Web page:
THE Department of Health (DOH) yesterday acknowledged that established indicators in flattening the coronavirus disease (COVID-19) curve have already shown significant improvement, but stopped short in saying that the curve is now flattened, as experts from the University of the Philippines have claimed.
In a virtual press briefing, Health Undersecretary Maria Rosario Vergeire said health leaders are not yet comfortable in making such a declaration as the situation remains fluid.
“We cannot say yet (that we have flattened the curve). It is really not yet certain. Nothing is certain at this point in time,” Vergeire said.
The UP OCTA Research Team has said that the COVID-19 curve in the country has been flattened. According to Dr. Guido David of the UP OCTA Research Team, this is evident in the decreasing number of newly-reported cases of COVID-19 in recent days.
Despite the guarded attitude, Vergeire admitted that the COVID-19 situation in the country has improved a lot.
She said established indicators in flattening the curve are better now compared to past weeks. These indicators include the reproduction rate, case doubling time, mortality doubling time, and critical care utilization rate, among others.
Currently, Vergeire said the reproduction rate of COVID-19 in the Philippines is at 0.977.
Case doubling time is pegged at 10.3 days, while the mortality doubling time is
set at 14.9 days.
Finally, the critical care utilization rate is presently at the average of 50 percent nationwide. “With these indicators, we can see that, somehow, the situation has improved,” Vergeire said.
“We can say that our strategies are working. Although not immediate, there have been changes,” she added.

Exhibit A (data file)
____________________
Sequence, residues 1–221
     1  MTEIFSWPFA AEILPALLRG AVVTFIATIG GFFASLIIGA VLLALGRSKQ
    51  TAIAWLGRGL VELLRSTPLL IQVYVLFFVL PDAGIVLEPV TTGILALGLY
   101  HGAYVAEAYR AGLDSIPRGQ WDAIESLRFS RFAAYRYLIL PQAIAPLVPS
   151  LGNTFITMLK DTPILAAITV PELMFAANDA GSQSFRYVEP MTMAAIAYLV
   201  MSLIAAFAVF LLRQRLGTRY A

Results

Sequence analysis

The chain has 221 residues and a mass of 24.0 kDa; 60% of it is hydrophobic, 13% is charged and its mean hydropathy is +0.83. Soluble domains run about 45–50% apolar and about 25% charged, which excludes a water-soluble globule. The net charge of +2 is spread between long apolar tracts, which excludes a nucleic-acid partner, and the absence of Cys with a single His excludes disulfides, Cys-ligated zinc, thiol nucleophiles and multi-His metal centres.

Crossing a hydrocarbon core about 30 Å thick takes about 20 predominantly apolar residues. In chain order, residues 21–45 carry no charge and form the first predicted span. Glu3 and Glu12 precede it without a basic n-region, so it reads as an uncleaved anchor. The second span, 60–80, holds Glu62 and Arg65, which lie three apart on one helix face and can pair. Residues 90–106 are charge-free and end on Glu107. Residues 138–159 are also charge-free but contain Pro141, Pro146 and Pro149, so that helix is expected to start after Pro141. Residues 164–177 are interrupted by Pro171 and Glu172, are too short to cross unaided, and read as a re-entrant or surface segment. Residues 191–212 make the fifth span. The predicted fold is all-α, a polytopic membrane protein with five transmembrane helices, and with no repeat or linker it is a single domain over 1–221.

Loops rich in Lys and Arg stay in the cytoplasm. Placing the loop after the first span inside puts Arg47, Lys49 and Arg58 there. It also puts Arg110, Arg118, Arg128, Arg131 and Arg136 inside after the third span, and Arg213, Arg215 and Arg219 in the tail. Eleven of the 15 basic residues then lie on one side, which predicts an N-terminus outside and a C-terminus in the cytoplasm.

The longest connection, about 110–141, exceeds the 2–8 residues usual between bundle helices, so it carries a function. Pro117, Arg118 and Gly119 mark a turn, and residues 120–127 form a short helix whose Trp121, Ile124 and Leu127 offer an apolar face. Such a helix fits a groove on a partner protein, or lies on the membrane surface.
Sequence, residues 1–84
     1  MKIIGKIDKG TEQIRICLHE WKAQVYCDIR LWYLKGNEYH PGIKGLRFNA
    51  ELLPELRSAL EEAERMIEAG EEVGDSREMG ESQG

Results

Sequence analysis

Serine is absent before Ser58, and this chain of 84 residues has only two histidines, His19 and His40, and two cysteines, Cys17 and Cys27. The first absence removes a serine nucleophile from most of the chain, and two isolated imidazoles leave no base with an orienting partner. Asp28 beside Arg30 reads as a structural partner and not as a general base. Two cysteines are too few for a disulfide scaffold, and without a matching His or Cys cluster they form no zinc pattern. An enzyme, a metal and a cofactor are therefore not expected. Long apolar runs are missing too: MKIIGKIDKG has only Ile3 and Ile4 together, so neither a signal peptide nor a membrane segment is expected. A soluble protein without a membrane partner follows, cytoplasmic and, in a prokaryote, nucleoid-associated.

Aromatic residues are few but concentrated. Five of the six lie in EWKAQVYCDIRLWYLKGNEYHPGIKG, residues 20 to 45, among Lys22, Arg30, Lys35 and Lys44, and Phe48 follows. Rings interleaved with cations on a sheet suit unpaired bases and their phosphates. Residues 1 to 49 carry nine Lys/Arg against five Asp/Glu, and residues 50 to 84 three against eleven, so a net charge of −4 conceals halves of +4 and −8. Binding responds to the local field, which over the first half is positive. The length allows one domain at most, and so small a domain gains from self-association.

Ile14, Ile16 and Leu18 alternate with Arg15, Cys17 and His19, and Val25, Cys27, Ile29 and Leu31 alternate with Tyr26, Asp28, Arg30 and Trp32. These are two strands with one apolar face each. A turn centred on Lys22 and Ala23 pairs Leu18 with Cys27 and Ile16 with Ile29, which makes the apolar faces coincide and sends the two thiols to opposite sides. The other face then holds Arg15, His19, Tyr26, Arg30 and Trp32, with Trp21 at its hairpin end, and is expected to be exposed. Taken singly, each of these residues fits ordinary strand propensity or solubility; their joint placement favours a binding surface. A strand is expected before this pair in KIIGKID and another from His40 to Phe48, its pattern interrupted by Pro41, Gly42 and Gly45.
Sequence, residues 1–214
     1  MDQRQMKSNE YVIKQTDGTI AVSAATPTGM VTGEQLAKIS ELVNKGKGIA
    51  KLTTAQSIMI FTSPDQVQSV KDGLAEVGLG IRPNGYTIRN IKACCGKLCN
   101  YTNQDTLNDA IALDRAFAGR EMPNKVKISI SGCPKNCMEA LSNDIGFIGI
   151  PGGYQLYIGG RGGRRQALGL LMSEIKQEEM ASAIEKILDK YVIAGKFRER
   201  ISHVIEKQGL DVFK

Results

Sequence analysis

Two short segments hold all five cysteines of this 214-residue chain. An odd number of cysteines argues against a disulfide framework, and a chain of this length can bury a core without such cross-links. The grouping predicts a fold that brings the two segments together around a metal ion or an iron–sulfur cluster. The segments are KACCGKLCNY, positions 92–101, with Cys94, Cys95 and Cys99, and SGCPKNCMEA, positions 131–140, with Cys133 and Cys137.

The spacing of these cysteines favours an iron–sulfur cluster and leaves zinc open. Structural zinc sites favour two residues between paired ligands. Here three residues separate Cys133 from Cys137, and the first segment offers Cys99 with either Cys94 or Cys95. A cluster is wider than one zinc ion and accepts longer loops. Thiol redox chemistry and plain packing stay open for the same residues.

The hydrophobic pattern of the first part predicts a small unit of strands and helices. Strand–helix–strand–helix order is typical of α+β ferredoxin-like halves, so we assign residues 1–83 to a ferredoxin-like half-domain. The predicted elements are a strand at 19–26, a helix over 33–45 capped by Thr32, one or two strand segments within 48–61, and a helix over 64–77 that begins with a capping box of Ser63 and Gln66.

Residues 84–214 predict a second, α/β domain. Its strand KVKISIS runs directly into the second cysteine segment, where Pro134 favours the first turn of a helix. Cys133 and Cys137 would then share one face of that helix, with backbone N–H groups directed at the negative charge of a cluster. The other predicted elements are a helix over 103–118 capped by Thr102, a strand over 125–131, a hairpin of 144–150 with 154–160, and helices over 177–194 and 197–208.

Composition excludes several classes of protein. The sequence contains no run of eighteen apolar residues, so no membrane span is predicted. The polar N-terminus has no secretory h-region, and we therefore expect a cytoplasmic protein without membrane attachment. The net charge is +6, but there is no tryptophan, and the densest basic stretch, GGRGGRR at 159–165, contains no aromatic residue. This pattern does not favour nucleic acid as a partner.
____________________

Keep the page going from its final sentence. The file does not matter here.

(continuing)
National Task Force (NTF) against COVID-19 chief implementer Carlito Galvez Jr. and presidential spokesman Harry Roque, in separate briefings, welcomed the UP team’s report. These, the two officials said could be attributed to improvements in the health care capacity in many parts of the country and the recent 15-day strict community quarantine imposed in the National Capital Region and nearby provinces Bulacan, Rizal, Batangas, Cavite and Laguna.
Roque said placing the NCR and the five provinces under modified enhanced community quarantine (MECQ) in August contributed significantly to the drop in COVID-19 cases in the areas, which continue to record the most number of infected residents. Galvez noted the considerable drop in recorded cases: from a peak of 4,163 cases in August down to 1,797 on September 4 in Metro Manila, and a peak of 1,584 in August down to 829 cases on September 4 in the Calabarzon region.
He said the positive developments did not happen overnight but was a result of a lot of careful planning and painstaking efforts among the national government, local government units, private sector, medical frontliners, and the general public. But even with the positive development, both Galvez and Roque said everyone should not become complacent.
“We cannot be too confident yet, especially since there is still no vaccine to fight the disease. The curve can go up again if we let our guard down. We do not want this to happen,” Galvez said.
Galvez and Roque said that to sustain the gains, the government will continue to ramp up its testing, tracing, and treatment efforts. As of September 5, 117 CO VID- 19 testing laboratories had already been accredited nationwide which had resulted in the processing of 2,772,075 samples.
There are 20 mega treatment facilities nationwide with a combined 3,285 bed capacity and a current 58 percent occupancy; and 28 isolation hotels with a combined 2,779 bed capacity and current occupancy rate of 59 percent. Testing czar Vince Dizon said the government is also distributing 30 million reusable and locally made face masks, which all passed government health and quality standards, to poor communities and areas with a high number of COVID-19 cases.
Public Works and Highways undersecretary Emil Sadain, during the Laging Handa network briefing, said the government had completed 340 isolation and treatment facilities, while 262 more are set to be finished by the end of September until early October. He said the DPWH is also establishing dormitories for frontline medical health workers and plans to put up offsite modular hospitals in Quezon Institute and the Lung Center of the Philippines that will cater to patients with moderate and severe symptoms of COVID-19. – With Jocelyn Montemayor